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JavaScript Math tan(): Complete Guide

The Math.tan() method returns the numeric value representing a tangent of the angle. Because tan() is the static method of Math, you always use it as Math.tan(), rather than as the method of the Math object you created ( Math is not a constructor).

JavaScript tan() is a static method of Math, and it can be used without creating an object.

JavaScript Math tan()

Javascript Math tan() is a built-in function that finds the tangent value of a given argument; the Math.tan() method comes in handy in Javascript contexts dealing with any trigonometric expressions.

Math.tan(x)

Parameter(s)

The variable x (in radians), whose tangent value is to be determined.

Return Value

The tangent value between negative infinity and positive infinity.

Note

1. If the passed value is empty, this method returns NaN.
2. For odd multiples of pi/2 radians passed as a parameter, this method returns a garbage value as the tan is not defined for these values.

Compatibility(Version and above)

2. Internet Explorer v3
3. Firefox v1
4. Edge v12
5. Opera v3
6. Safari v1
7. Android webview v1
8. Chrome for Android v18
9. Firefox for Android v4
10. Opera for Android v10.1
11. Safari on iOS v1
12. Samsung Internet v1.0
13. Node.js

JavaScript version: ECMAScript 1

Consider the following examples.

Javascript Math.tan()

The following code demonstrates the Math.tan() method.

// app.js

let a = 0;
let b = 1;
let c = Math.PI;
let d = 2 * Math.PI;
let e = (Math.PI) / 4;

console.log(Math.tan(a));
console.log(Math.tan(b));
console.log(Math.tan(c));
console.log(Math.tan(d));
console.log(Math.tan(e));

Output

node app
0
1.5574077246549023
-1.2246467991473532e-16
-2.4492935982947064e-16
0.9999999999999999

Example 2

The following example demonstrates the case where an empty value is passed.

// app.js

let x;

console.log(Math.tan(x));
console.log(Math.tan());

node app
NaN
NaN

Example 3

The following example demonstrates the case where odd multiples of pi/2 are passed.

// app.js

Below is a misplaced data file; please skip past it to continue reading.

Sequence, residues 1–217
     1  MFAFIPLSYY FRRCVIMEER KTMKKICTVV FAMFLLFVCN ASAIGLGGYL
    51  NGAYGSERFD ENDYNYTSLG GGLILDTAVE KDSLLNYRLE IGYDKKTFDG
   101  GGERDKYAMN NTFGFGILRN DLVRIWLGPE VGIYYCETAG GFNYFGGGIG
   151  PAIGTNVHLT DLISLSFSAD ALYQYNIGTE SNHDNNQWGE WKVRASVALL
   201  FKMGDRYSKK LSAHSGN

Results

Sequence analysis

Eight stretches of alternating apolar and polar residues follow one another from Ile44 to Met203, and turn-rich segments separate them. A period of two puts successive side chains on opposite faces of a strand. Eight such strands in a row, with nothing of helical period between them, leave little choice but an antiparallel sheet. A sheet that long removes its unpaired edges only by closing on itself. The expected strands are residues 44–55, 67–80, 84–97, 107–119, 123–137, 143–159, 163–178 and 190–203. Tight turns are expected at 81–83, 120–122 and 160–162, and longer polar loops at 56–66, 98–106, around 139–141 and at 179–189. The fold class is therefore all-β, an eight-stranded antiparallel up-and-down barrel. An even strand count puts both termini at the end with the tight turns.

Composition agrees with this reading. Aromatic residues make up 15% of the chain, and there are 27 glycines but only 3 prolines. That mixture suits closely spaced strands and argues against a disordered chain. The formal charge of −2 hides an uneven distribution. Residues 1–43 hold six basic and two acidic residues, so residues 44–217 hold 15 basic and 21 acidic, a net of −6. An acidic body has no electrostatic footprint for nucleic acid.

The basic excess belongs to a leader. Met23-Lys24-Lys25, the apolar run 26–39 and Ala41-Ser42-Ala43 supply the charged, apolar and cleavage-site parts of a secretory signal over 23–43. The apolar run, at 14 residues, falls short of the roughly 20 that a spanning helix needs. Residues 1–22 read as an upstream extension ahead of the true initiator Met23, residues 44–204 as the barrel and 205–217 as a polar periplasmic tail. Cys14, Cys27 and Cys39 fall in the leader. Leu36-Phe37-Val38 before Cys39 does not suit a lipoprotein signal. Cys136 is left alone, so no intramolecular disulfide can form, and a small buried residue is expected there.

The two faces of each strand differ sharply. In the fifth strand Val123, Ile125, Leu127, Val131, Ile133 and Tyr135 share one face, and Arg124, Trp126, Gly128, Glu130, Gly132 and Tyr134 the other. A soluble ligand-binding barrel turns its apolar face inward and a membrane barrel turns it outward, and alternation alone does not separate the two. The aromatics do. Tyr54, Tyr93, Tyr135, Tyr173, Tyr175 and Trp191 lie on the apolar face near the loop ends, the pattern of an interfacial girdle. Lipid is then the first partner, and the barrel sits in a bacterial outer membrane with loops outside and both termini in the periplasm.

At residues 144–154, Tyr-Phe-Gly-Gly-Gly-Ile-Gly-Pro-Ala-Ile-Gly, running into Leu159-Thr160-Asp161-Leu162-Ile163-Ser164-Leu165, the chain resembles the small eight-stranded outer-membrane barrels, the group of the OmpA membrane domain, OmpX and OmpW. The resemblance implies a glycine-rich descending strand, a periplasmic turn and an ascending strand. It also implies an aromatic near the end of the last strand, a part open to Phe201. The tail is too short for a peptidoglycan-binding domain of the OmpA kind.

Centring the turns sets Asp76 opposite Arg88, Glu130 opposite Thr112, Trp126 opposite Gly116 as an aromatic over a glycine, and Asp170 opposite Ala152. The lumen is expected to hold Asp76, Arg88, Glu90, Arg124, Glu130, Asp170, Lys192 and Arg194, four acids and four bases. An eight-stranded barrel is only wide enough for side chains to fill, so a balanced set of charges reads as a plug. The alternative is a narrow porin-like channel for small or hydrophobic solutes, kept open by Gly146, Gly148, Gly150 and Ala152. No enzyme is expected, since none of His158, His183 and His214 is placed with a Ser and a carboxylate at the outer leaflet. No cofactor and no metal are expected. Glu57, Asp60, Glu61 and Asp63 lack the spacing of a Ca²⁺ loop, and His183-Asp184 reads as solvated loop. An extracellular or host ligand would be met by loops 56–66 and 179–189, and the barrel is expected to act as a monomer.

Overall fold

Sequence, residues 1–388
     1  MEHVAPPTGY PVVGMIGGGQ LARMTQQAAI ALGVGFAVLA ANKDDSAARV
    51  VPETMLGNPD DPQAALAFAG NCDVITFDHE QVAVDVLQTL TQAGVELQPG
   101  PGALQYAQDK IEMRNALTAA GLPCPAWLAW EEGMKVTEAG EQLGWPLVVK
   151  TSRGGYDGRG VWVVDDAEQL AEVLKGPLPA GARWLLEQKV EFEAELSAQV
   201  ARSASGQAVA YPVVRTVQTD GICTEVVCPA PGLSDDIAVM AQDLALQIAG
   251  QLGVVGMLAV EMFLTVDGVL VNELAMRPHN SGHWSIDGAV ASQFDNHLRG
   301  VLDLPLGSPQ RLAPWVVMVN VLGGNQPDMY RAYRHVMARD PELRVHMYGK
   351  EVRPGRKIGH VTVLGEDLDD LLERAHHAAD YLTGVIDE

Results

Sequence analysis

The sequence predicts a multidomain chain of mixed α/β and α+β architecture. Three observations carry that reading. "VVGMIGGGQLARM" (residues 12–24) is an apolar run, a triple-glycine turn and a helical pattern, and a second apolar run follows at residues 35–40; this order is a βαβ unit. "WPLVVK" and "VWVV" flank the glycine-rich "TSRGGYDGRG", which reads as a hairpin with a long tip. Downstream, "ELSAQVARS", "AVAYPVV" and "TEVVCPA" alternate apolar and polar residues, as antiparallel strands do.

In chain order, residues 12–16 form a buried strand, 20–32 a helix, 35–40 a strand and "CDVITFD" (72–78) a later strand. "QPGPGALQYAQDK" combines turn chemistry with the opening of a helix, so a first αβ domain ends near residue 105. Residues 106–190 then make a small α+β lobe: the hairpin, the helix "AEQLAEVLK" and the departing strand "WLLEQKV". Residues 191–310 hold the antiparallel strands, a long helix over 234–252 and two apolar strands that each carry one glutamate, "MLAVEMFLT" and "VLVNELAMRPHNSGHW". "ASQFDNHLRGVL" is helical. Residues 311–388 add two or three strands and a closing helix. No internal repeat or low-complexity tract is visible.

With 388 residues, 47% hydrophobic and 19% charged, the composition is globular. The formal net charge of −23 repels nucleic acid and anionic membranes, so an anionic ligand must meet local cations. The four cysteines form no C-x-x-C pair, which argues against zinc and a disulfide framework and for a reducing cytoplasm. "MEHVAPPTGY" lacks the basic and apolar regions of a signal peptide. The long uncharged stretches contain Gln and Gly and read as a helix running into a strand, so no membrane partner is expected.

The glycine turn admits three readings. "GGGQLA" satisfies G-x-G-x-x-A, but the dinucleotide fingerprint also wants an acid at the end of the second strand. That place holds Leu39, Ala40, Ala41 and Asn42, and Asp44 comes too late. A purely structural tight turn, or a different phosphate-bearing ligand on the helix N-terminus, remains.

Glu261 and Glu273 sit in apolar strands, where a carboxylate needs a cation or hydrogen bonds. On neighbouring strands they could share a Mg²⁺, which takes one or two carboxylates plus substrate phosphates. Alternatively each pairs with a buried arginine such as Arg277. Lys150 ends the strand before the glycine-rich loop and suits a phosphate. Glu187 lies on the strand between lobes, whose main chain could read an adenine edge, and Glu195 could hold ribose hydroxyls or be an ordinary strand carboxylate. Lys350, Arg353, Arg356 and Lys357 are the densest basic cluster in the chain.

let a = (Math.PI) / 2;
let b = 3 * (Math.PI) / 2;
let c = 5 * (Math.PI) / 2;
let d = 7 * (Math.PI) / 2;

console.log(Math.tan(a));
console.log(Math.tan(b));
console.log(Math.tan(c));
console.log(Math.tan(d));

Output

node example3
16331239353195370
5443746451065123
3266247870639074
2333034193313624.5

Example 4

The following example demonstrates the application of this method in a simple programming context.

Given the base angle of a triangle and the base side, find all the remaining sides of the triangle.

// Given the base angle of a triangle and the base side,
// find all the remaining sides of the triangle.

let p;
let b;
let h;

let angle;

const rl = r.createInterface({
input: process.stdin,
output: process.stdout
});

const prompt1 = () => {
return new Promise((resolve, reject) => {
rl.question('Base side: ', (answer) => {
resolve();
});
});
};

const prompt2 = () => {
return new Promise((resolve, reject) => {
resolve();
});
});
};

const main = async () => {
await prompt1();
await prompt2();
rl.close();

console.log('The three sides of the triangle are:');
console.log(b); //base side

let angle2 = (Math.PI) / 2 - angle;

p = b * Math.tan(angle);
console.log(p); //third side

h = Math.sqrt(p * p + b * b);
console.log(h); //hypotenuse
}

main();

Output

Test Case 1:
->node example4
Base side: 6
The three sides of the triangle are:
6
3.464103410351597
6.928204127882605

Test Case2:
->node example4
Base side: 30
The three sides of the triangle are:
30
29.99999019615471
42.42639993882793